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How far is too far?

Understand Your Limits, Recognize Opportunities, Know Your Equipment, Take Only Ethical Shots

With three giant mule deer before me, I was faced with an ethical dilemma.

The biggest had a high and wide rack. All told, I figured his numbers would probably tally around 190 inches. He stood and stretched at 85 yards. I admit that it was tempting, but I knew better.

The second buck stood at 73 yards. He, too, was impressive. I practice at that distance a fair bit with accuracy. But shooting at a live animal is different. A lot can go wrong. So again, I held off. All I could see of the third one was his equally remarkable antlers. Still bedded, and mostly hidden in the standing canola, his rack was just visible enough to range him at 62 yards.

If you’re going to bow hunt, it’s important to practice a lot. Drawing, anchoring, aiming, releasing, and following through with each shot should be kinesthetic as opposed to mechanical. The more comfortable you are, the more accurate you’ll be at longer distances.

We’ve all been there…and I’ll admit, I was conflicted. Do I take a chance and hope to score on the bigger one or play it safe and lock in for the closer shot? A misguided arrow could wound and lose the deer, and that wasn’t an option. Should I even take the closest one, or pass altogether?

Like a lot of us, I practice out to 80 yards. With field tips, under calm conditions, my Hoyt delivers tight groups all day long, but that’s not the point. I rarely encourage bowhunters, regardless of skill level, to shoot at game over 40.

Anticipating longer shots on an upcoming mountain hunt, the author spends a great deal of time at the range, shooting longer distances at this goat target.

I’ve been hunting with a bow for over three decades. I know that outside of perfect conditions, too many things can go wrong. That said, my own limit is usually 65 yards, but only under pristine conditions—no wind, and importantly, the animal doesn’t know I’m there. While that’s still a considerable distance, I practice a lot and understand the variables—including my own capabilities and limits. I also keep my bow and arrows well-tuned, so I know what they can do.

My decision? I chose to take the smallest but closer of the three. Everything was right. While he was still bedded, I carefully dropped back down under the cover of the standing crop, dialed my flywheel sight to precisely 62 yards, drew my bow, and slowly raised up.

My shooting position couldn’t have been better. Holding my sight pin where I anticipated his chest should be when he stood, I waited. Only a few seconds passed, and he got up. Double-checking my anchor points, my grip, and sight, I knew it was go-time. With back tension increasing, I sent my FMJ on its way. Driving deep into his chest, the buck bolted, covering less than 40 yards before he paused, stumbled, and collapsed.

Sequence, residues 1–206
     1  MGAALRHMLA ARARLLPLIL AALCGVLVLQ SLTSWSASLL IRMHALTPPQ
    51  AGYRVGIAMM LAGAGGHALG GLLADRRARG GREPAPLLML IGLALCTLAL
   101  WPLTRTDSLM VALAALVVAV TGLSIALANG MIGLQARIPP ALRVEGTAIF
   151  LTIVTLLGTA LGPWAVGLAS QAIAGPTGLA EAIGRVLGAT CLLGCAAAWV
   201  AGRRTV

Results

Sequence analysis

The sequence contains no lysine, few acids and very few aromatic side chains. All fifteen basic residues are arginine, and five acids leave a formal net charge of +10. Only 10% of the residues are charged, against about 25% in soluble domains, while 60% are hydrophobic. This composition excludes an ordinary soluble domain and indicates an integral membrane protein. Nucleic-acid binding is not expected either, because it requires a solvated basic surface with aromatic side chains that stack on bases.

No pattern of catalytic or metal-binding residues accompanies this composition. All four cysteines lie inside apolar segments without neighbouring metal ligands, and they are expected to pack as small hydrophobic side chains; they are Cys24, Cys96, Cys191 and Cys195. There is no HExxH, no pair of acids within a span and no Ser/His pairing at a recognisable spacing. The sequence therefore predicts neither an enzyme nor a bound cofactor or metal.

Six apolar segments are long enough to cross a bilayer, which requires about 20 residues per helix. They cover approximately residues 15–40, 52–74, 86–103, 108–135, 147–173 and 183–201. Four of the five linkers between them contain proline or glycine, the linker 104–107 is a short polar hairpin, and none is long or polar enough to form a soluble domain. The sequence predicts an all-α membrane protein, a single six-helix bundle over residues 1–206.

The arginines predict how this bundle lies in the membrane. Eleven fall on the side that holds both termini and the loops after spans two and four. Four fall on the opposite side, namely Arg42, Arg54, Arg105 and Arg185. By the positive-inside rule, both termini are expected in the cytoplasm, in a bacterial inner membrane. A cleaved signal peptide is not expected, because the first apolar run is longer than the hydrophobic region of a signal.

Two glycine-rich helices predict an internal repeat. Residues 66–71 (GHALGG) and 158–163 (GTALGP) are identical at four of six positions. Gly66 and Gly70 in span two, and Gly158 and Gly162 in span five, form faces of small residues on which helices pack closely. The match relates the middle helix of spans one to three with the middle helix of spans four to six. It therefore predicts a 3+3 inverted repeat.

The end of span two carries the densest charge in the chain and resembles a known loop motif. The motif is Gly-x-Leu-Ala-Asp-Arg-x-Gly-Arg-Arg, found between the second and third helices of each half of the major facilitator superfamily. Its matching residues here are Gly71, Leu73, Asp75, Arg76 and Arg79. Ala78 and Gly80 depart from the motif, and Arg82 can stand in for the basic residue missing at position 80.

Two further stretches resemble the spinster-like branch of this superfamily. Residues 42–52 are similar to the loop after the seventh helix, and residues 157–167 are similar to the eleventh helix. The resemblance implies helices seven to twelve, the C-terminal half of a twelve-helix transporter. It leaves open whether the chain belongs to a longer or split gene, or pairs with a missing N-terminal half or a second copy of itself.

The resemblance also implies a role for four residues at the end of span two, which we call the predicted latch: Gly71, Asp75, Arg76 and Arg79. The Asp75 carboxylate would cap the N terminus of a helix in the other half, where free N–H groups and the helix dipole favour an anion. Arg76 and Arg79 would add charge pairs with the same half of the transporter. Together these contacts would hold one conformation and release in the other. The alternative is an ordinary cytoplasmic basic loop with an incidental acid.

A great many factors go into practicing for, deciding on, and executing longer shots like this one. Here are a few things to consider as you evaluate each shot opportunity and set your own limits around when to shoot and when to pass.

Practice, and understanding both the limits and capabilities of your equipment, are the keys to accuracy and knowing how far is too far.

Personal Limits

With bow hunting, so many variables can affect the shot. Animals can spook and jump the string. Whitetails are notorious for this. While I see many other species acting differently, with Whitetails, I try to keep my shots under 30 yards. All animals can take a step or change their posture the instant before a release. Environmental factors like heavy snowfall, branches, tall grass, wind, and more can influence or even deflect an arrow.

For these reasons, it’s imperative that every bowhunter determine his or her own shooting limits. Some of us are comfortable with only closer shots, while others feel comfortable pushing it out a bit further. A good benchmark for most accomplished bow hunters is to still consider 40 yards as that outside limit.

Whenever I advise first-year bowhunters, I discourage anything over 30 yards. For more experienced bowhunters, personal limits may be even further. Several factors— muscle fatigue at full draw, environmental factors such as wind, your draw weight, and let-off, how precisely your bow is tuned, your shooting form, and your release— all affect arrow flight. Each aspect should be taken into consideration when determining how far equals too far to take that shot.

Today’s Equipment

There is also the importance of understanding your equipment. Compound bow technology has evolved a lot over the last three decades. Thinking back to my first bow, a PSE Polaris back in 1989, I was drawing 72 pounds and shooting aluminum shafts. Arrow construction and bow technology was less refined in those days, too, so they didn’t store or send the same energy as today’s bows. In turn, arrow speed was much slower. This meant that trajectory was nowhere near as flat as today’s more advanced set-ups. Because of this, most of us viewed any shot over 30 yards as long. Back then, a 40-yard shot was out there, so anything beyond that was discouraged. With most of today’s bows providing over 80-90% let- off, holding at full draw is also much easier now than it was with the older technology.